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Going Solar

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[caption id="attachment_76035" align="alignleft" width="550" caption="My son, Jack, eager for the installation to begin!"][/caption]

A couple months ago, I received a postcard in the mail advertising a new solar company based here in California called Sungevity. I usually toss such things straight into the trash bin, but I really liked the branding and design on the postcard so I sat down and read the offer. They lease you the panels at no money down and within a few years, you're saving money on your electric bill. Though you're never off the grid, the solar energy supplements the power you get from your local provider and, in some cases, depending on how much sun you're capturing, you can even get credit from your local energy supplier if you're giving back more AC to the grid than you're taking.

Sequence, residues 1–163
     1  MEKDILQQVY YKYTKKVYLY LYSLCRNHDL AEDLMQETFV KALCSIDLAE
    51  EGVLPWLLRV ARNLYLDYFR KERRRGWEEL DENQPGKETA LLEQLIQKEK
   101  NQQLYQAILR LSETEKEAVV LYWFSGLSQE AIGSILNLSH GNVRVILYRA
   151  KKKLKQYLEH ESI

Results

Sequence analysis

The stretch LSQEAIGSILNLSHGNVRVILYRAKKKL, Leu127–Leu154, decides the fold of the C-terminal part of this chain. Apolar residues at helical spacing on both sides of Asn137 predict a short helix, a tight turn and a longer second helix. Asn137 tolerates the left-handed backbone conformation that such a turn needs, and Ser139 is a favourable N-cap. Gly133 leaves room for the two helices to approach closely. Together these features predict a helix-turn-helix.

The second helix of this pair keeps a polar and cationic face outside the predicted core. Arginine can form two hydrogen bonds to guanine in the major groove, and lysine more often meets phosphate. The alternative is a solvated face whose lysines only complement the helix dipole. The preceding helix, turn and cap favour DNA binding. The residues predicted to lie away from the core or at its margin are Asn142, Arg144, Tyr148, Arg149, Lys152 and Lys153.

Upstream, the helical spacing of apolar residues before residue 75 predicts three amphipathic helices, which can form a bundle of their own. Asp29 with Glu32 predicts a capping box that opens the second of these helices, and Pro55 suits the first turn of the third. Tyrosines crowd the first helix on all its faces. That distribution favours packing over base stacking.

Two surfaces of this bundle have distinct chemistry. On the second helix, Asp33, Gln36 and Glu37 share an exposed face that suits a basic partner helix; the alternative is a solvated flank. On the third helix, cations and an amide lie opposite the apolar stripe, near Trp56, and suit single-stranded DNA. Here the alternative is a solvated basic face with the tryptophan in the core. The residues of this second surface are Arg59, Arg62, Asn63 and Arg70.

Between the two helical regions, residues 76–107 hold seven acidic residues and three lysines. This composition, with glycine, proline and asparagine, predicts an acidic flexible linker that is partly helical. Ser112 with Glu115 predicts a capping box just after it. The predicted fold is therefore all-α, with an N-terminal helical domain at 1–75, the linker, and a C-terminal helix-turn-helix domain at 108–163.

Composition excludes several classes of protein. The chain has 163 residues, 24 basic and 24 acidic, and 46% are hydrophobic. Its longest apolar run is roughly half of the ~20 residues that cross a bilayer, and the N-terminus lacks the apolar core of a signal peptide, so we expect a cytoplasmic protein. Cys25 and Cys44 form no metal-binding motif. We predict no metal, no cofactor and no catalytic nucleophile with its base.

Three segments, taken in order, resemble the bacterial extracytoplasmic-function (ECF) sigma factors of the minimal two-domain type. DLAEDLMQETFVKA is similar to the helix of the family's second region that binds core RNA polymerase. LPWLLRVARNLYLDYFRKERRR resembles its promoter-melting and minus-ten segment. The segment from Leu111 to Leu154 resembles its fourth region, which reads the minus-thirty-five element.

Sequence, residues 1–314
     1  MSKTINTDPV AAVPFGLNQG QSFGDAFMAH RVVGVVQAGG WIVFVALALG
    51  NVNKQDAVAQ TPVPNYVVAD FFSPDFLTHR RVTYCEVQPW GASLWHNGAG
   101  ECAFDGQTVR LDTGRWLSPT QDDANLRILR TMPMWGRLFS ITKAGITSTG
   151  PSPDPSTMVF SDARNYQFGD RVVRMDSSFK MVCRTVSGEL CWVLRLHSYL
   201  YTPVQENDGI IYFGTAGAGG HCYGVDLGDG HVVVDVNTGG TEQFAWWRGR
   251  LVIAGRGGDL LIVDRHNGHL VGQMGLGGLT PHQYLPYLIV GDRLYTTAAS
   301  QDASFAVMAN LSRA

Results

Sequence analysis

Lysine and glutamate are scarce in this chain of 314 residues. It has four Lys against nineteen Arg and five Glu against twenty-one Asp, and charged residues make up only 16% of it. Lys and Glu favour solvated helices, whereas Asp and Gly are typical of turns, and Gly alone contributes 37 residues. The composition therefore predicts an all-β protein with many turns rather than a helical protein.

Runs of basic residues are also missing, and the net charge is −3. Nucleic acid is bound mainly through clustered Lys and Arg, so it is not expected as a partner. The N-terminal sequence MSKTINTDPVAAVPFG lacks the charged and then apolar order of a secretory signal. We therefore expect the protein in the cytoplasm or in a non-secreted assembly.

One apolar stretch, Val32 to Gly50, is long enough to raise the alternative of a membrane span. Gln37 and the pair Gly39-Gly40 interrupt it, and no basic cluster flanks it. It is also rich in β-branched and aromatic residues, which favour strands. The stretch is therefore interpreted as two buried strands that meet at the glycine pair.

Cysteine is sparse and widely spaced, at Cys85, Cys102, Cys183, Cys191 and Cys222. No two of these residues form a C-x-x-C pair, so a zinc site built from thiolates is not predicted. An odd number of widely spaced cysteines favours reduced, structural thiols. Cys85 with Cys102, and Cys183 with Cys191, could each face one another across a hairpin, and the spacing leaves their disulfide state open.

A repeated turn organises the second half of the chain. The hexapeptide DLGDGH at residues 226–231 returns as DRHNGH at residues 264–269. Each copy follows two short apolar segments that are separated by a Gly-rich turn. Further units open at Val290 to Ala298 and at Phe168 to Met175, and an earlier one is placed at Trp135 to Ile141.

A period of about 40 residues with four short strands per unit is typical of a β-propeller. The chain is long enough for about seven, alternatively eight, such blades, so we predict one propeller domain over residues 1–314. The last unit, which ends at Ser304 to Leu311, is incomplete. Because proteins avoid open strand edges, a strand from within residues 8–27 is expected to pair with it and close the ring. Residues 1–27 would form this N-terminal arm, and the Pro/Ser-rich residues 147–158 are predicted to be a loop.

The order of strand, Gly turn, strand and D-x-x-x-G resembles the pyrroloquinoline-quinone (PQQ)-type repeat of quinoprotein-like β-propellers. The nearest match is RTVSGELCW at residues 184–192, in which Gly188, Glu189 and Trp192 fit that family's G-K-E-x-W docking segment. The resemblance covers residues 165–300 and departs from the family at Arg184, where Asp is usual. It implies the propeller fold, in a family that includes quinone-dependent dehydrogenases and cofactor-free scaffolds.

I was pretty certain at that point that it was time to give it a whirl. When I saw that they were offering a free iPad as incentive to the first 100 people who signed up, it became a no brainer because I was about to buy one anyway. Now, before everyone starts screaming "Shill, shill!" let me say that I don't care if you want to use Sungevity to power your home or not. I don't care if you take advantage of the $500 cash in your pocket I can get them to give you through our "Friends of the _floss" code or not. (Wait for it...) I'm really just writing this post because working with these guys has been one of the most pleasurable experiences I've ever had dealing with a power company, contracting company, building contractor, etc. In fact, they're right up there with the Apple care team in terms of friendliness, politeness and efficacy. I guess what I'm saying is, if Sungevity sold refrigerators, I'd buy them. Cars, I'd buy them... heck, if they sold and serviced nuclear energy solutions, I'd probably buy it! (Well, maybe not... but you get my drift.)